"This place, which appears to have been originally of greater importance than it is at present, was, at the time of the Norman Conquest, called Wodeton, from wode, a wood, and tun, a town. About a century after that period, it became the property of the noble family of Bassett, from whom it derived the adjunct to its name." [3]CITATION[CLOSE]
Lewis, Samuel, A Topographical Dictionary of England. Institute of Historical Research, 1848, Print.

"At the upper end of the north aisle [of the church at Blore, Staffordshire], within a kind of chantry chapel, is a noble altar-tomb of statuary marble, supposed to be to the memory of William, the last male heir of the Bassetts, who was living in 1588; there is also a brass, dated 1400, in the aisle." [3]CITATION[CLOSE]
Lewis, Samuel, A Topographical Dictionary of England. Institute of Historical Research, 1848, Print.


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Bassit Spelling Variations


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Bassit Spelling Variations



Multitudes of spelling variations are a hallmark of Anglo Norman names. Most of these names evolved in the 11th and 12th century, in the time after the Normans introduced their own Norman French language into a country where Old and Middle English had no spelling rules and the languages of the court were French and Latin. To make matters worse, medieval scribes spelled words according to sound, so names frequently appeared differently in the various documents in which they were recorded. The name was spelled Bassett, Basset, Bassit, Basett and others.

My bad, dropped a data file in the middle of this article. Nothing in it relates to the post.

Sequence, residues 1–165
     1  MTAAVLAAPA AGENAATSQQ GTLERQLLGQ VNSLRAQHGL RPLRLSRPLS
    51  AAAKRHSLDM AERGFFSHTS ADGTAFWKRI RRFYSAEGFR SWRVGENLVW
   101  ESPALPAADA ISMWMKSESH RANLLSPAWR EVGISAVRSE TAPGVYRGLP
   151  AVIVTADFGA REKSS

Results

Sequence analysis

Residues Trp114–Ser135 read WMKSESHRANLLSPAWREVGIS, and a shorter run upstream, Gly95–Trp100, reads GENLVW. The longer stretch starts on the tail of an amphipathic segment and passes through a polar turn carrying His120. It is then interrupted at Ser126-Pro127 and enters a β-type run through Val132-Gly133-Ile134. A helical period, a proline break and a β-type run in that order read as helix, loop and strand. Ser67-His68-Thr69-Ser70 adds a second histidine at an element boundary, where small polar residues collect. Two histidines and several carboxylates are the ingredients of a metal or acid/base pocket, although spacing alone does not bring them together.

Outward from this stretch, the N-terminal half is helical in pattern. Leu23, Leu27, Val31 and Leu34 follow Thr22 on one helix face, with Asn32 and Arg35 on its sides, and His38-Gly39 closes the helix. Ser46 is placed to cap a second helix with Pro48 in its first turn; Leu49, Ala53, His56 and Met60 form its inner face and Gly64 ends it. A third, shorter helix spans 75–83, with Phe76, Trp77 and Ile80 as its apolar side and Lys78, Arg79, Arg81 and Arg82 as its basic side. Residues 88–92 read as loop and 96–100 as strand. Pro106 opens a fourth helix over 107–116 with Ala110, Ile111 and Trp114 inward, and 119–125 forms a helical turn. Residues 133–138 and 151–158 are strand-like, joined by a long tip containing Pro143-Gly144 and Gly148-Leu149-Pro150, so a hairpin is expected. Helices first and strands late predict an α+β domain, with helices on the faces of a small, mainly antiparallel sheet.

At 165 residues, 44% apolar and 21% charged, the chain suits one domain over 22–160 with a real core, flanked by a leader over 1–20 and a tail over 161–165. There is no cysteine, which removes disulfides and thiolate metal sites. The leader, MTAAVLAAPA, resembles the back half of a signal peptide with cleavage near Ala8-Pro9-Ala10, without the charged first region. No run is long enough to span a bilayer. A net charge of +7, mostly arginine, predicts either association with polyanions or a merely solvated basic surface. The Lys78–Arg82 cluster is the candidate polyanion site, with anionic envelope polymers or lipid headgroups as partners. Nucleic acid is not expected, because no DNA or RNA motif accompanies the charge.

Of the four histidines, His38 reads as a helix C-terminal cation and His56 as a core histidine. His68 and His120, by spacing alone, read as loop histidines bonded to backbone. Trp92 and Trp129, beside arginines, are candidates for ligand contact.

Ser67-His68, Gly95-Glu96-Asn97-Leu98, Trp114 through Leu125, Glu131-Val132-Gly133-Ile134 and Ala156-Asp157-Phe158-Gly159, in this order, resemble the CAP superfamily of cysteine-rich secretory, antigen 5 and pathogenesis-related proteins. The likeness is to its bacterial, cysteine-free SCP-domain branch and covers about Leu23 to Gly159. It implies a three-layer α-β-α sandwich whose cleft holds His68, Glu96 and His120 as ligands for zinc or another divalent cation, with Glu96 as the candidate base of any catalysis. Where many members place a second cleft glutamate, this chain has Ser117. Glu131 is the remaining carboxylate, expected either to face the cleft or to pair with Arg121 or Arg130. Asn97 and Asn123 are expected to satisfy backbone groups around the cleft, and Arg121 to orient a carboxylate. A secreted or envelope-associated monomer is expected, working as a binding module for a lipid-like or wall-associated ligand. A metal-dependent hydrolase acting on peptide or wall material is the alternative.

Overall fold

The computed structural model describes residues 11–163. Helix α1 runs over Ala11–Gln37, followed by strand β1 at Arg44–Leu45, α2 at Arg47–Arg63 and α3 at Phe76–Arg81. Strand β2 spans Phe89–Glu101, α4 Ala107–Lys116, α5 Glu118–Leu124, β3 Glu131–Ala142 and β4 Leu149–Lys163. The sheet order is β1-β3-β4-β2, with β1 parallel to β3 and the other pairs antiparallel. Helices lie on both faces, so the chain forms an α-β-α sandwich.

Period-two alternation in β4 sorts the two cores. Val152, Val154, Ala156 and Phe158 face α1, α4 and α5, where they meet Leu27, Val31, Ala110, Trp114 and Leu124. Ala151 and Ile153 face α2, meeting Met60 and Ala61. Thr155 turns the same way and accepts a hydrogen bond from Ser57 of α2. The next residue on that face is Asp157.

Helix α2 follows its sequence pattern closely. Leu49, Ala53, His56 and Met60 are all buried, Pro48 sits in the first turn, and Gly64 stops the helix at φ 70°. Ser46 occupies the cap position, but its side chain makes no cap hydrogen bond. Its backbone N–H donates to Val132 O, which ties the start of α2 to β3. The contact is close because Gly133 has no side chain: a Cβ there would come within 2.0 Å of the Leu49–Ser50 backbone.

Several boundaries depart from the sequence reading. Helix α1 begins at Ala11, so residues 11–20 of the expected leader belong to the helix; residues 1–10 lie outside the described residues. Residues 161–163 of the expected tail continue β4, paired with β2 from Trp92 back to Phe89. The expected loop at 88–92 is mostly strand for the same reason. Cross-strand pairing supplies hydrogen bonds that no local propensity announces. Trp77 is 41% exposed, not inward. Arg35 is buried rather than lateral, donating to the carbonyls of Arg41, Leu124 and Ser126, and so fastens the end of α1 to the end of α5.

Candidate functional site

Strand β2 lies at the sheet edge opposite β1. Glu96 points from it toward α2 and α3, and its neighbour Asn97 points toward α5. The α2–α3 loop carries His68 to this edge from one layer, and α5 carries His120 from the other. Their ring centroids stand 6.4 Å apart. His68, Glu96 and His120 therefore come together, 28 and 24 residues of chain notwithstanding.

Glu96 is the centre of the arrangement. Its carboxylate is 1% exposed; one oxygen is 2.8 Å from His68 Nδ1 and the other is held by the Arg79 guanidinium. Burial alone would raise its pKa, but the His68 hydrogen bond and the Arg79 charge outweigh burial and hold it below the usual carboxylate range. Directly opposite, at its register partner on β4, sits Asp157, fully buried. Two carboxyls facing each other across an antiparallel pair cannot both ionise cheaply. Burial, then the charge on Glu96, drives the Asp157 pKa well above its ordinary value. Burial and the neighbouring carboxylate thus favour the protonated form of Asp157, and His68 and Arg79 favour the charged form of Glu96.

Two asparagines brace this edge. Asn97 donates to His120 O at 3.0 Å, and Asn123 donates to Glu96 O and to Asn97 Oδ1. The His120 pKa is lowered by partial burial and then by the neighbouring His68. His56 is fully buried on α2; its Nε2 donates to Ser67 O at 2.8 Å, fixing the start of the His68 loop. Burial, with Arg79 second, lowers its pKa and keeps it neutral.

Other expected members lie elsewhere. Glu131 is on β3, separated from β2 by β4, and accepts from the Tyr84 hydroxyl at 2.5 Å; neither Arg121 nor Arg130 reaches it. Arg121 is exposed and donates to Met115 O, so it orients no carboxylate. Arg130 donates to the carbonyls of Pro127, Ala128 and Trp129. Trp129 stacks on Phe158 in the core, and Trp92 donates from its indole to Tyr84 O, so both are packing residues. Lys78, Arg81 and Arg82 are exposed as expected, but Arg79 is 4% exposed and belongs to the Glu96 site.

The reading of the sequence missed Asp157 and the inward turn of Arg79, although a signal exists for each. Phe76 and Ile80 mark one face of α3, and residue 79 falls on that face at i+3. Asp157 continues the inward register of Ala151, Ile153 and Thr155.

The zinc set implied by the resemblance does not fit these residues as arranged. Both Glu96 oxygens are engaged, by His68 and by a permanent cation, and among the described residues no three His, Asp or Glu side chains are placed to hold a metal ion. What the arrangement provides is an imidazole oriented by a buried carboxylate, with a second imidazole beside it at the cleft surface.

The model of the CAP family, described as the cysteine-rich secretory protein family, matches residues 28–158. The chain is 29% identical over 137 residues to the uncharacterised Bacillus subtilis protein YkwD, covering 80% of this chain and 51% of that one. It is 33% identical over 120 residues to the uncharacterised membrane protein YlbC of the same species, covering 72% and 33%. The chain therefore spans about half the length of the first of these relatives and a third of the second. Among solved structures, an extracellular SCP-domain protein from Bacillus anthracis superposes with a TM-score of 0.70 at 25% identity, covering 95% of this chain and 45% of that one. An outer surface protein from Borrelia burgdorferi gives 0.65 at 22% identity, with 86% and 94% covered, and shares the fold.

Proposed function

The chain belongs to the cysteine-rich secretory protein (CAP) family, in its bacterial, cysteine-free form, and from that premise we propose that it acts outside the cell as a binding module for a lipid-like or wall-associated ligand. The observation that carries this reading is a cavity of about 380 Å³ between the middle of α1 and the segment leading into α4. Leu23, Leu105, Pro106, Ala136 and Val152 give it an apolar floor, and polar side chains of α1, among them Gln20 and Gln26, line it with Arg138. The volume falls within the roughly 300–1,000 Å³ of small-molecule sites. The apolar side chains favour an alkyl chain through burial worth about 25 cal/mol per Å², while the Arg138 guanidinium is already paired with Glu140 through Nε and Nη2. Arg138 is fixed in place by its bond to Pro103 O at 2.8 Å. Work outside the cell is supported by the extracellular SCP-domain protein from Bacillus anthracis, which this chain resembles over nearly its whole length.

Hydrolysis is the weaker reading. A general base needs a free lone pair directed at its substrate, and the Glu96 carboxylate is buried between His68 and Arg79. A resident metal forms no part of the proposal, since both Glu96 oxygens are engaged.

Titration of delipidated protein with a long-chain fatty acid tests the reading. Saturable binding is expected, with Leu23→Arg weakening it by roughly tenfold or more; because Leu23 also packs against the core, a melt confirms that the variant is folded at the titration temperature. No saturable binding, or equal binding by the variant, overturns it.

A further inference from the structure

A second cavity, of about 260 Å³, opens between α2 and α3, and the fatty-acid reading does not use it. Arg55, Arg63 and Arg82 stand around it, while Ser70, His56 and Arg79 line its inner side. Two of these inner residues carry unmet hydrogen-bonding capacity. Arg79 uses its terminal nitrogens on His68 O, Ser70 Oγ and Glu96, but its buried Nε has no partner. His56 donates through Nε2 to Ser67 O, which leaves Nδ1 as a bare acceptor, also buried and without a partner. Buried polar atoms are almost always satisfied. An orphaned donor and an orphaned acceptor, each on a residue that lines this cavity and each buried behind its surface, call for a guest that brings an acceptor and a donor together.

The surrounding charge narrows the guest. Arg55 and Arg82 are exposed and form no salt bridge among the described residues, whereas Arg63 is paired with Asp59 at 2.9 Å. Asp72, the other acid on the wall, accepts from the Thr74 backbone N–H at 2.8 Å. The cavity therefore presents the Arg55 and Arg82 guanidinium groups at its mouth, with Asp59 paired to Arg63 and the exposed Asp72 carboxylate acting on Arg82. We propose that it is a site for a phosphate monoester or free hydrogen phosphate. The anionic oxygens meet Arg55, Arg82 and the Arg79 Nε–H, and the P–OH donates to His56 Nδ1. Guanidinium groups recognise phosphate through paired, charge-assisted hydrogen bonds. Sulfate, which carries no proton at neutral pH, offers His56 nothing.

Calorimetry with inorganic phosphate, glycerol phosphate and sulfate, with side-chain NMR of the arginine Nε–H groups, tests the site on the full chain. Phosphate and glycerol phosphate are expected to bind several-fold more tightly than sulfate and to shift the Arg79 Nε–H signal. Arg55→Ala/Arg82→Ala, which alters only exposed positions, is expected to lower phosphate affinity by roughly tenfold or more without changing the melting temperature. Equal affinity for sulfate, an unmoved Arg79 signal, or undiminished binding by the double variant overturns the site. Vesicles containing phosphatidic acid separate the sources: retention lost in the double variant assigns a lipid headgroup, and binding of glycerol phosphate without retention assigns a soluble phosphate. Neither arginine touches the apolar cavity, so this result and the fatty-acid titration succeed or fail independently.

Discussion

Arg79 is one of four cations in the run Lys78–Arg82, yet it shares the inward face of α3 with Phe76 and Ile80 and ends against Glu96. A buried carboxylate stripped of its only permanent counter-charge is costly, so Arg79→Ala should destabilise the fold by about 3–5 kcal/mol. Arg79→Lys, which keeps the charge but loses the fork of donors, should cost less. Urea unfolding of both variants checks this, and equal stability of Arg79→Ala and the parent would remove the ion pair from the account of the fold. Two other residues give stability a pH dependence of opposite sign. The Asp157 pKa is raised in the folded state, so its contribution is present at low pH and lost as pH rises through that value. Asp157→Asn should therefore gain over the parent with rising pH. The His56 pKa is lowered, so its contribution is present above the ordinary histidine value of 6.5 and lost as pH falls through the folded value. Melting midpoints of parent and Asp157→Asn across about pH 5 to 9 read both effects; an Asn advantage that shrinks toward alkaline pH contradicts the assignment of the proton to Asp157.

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Bassit Early History


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Bassit Early History



This web page shows only a small excerpt of our Bassit research. Another 209 words (15 lines of text) covering the years 1093, 1198, 1597, 1673, 1625, 1626, 1602, 1656, 1640, 1644, 1644, 1695, 1628, 1693, 1669, 1679, 1681, 1693, 1641, 1720, 1687, 1688, 1674, 1721 and are included under the topic Early Bassit History in all our PDF Extended History products and printed products wherever possible.